Percy MacLean can call on 250 years of experience to weigh up how immigrants integrate in Germany. Since his Scottish ancestor arrived in 1753, the family has produced mayors, members of parliament and even a Nazi.
Today, the 63-year-old MacLean, a chief judge in Berlin’s administrative court, says Germany risks losing the openness that allowed his family to flourish for generations because of a divisive national debate over the integration of Muslims. (Photo: Percy MacLean at his office in Berlin November 25, 2010/Tobias Schwarz)
In an interview with Reuters, MacLean said tendentious arguments now being aired publicly contained the seeds of what could spawn the kind of right-wing populism and xenophobia Germany witnessed in the run-up to the Holocaust.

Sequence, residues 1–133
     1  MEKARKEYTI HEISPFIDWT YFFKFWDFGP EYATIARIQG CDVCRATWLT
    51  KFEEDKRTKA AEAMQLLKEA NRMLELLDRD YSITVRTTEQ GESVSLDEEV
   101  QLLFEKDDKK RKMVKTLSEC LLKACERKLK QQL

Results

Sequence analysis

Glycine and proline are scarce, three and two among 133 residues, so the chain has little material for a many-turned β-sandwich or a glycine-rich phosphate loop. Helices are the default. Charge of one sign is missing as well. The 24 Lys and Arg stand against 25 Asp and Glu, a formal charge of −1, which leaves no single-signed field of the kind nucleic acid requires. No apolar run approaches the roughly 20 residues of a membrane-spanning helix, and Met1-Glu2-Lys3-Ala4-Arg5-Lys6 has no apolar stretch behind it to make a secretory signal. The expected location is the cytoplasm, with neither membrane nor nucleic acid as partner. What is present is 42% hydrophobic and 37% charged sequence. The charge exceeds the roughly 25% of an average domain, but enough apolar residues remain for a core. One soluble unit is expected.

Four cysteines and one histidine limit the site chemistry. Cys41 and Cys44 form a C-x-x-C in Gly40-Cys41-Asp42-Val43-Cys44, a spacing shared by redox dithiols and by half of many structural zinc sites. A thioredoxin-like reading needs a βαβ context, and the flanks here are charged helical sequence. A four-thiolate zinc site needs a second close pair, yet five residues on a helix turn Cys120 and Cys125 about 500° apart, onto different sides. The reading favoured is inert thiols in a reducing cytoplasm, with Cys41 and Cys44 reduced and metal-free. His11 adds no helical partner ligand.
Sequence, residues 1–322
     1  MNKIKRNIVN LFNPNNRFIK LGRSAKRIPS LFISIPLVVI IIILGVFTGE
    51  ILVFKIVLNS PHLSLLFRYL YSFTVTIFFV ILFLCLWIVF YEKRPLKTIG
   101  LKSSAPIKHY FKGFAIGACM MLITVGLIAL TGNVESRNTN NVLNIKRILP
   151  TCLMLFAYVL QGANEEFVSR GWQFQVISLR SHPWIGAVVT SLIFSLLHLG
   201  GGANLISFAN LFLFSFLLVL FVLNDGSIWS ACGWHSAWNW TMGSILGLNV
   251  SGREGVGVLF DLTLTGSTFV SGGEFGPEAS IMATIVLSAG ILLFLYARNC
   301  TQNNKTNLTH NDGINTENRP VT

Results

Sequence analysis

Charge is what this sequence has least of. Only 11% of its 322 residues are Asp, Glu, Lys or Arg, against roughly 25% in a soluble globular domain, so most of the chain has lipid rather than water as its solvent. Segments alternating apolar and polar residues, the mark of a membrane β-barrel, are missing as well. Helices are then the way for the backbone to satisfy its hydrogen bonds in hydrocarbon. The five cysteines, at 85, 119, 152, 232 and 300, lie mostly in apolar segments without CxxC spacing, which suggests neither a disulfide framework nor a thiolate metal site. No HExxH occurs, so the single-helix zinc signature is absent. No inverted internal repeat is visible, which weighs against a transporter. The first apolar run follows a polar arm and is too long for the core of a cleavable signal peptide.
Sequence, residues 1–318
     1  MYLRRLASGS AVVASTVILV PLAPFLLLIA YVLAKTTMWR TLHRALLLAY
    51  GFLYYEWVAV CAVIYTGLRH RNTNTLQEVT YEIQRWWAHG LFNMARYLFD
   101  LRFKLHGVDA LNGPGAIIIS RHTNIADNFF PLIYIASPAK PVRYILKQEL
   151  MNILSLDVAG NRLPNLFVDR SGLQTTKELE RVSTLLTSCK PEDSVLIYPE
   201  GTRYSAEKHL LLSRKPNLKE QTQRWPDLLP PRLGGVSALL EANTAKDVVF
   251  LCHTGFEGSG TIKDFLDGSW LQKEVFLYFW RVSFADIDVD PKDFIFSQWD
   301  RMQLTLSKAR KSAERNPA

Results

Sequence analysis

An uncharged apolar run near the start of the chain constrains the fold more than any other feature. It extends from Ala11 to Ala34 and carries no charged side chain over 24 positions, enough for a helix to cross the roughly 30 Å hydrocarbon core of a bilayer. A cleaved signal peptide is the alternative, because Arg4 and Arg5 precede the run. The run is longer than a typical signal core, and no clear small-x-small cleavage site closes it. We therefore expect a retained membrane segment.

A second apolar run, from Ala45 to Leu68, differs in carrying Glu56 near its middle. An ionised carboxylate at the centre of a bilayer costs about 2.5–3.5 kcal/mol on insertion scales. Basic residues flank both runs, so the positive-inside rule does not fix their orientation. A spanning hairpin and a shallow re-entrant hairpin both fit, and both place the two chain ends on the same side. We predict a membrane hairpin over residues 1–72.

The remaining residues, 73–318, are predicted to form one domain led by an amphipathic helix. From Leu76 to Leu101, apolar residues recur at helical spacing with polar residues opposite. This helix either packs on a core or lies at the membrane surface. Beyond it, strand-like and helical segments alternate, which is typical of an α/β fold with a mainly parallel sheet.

Muslims have been in the media spotlight since central banker Thilo Sarrazin stirred up a row this autumn by asserting Turkish and Arab families were dumbing down Germany, swamping it with a higher birth rate and threatening the indigenous culture.
“Things can get very explosive once you start mentioning genes and intelligence,” MacLean said. “Talking down to them is totally wrong. We are the ones who invited them over here.”